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Paul headshot20101.jpg

Paul Stender is best known for designing and building the most jet-powered land vehicles in the world. A native of Big Bend, Wisconsin[disambiguation needed], Paul grew up racing motorcycles and snowmobiles. He later made the jump into the big leagues and began racing Badger and USAC Midgets. He continued his racing career as an Outlaw sprint car Driver.

While he was drag racing a snowmobile, he watched a jet funny car dragster race.[1] He decided to purchase a jet car.[1] He raced his first jet vehicle in 1995, the Jazz Jet Funny Car at speeds of nearly 300 mph.[2] In his first full year of racing, Paul was awarded the Pro-Jet Rookie of the Year Award in 1997.[2] One day he saw the wind blow a portable outhouse across the tarmac, and he came up with the idea of a jet-powered outhouse.[1]

Paul has performed for fans at air shows and motor sport events around the world. Vehicles Paul currently owns and races include the Dodge RamJet that reaches speeds near 400 mph, the Port-o-Jet Jet Powered Outhouse that reached 70 miles (110 km) per hour,[3] the School Time Jet School Bus, the American Thunder Jet Jeep, and the Armageddon Jet Funny Car.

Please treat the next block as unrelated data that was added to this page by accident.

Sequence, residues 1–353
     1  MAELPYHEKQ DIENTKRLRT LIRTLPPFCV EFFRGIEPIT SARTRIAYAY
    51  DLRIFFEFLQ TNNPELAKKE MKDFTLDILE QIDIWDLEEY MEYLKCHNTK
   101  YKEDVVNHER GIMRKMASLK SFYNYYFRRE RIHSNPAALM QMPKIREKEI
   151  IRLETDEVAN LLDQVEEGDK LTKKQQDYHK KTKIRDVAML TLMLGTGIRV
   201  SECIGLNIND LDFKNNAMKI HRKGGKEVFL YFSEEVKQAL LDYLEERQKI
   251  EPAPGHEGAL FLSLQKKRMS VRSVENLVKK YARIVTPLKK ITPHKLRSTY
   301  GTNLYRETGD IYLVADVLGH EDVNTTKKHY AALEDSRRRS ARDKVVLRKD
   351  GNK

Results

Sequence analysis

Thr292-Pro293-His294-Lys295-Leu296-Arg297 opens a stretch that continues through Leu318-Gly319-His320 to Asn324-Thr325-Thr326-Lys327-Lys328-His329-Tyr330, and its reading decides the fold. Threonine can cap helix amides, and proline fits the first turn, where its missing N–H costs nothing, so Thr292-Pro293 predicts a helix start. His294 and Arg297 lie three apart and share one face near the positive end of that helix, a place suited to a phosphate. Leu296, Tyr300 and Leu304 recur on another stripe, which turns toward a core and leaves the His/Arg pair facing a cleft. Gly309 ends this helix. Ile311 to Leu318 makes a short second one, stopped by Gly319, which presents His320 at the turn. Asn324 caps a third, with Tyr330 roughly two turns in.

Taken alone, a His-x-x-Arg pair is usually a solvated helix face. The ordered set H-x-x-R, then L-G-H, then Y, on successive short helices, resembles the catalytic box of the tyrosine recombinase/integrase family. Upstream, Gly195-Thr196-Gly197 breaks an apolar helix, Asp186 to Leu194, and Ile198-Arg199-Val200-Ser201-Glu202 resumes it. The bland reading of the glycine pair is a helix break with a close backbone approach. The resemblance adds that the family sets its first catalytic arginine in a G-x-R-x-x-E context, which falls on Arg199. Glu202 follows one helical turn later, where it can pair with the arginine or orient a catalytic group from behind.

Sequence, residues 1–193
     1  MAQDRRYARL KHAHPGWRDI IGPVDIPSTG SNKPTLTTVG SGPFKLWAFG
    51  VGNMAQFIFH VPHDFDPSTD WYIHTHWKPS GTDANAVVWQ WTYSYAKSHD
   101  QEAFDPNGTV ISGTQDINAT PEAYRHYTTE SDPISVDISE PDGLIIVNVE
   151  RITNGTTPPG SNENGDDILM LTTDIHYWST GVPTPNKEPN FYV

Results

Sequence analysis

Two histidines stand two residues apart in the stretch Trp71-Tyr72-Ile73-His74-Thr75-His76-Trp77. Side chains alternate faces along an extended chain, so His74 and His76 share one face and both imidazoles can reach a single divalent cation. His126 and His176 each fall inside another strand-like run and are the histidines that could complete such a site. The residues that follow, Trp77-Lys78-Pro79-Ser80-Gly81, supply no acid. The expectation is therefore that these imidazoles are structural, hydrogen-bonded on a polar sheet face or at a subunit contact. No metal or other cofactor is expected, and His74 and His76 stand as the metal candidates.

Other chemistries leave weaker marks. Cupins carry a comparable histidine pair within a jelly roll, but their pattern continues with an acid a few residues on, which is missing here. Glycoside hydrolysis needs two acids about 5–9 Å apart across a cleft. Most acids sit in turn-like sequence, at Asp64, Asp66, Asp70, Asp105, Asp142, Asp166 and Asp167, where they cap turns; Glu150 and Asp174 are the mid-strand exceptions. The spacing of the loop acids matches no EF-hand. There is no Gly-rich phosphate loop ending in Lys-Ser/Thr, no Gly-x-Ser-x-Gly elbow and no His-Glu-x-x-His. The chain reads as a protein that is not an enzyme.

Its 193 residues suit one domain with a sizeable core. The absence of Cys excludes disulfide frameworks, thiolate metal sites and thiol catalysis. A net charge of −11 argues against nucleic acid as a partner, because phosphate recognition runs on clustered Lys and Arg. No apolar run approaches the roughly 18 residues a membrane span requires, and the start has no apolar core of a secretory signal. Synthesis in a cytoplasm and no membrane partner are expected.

These days, Paul Stender is as much of a star as the vehicles he builds. Paul and his vehicles have been featured in nationally recognized print publications including FHMPopular ScienceESPN the MagazineRipley’s Believe It or Not, and the National Enquirer.[2] Paul has also been featured on hit television shows that include Dangerous Curves (Spike TV), Monster Garage (Discovery Channel), and Horsepower TV in the United States.[2] Paul and his jet vehicles have appeared on numerous Japanese television shows.



  1. Jump up to:a b c Wise, Jeff (December 1, 2004). "The Speeding Outhouse"Popular Mechanics. Retrieved 2009-02-11.
  2. Jump up to:a b c d "Kansas City Aviation Expo: Performers". Mid-America Youth Aviation Association. 2007. Retrieved 2009-02-11.
  3. Jump up^ "Hold on to your trousers... it's the world's fastest loo!"Daily Mail. May 1, 2007. Retrieved 2009-02-11.

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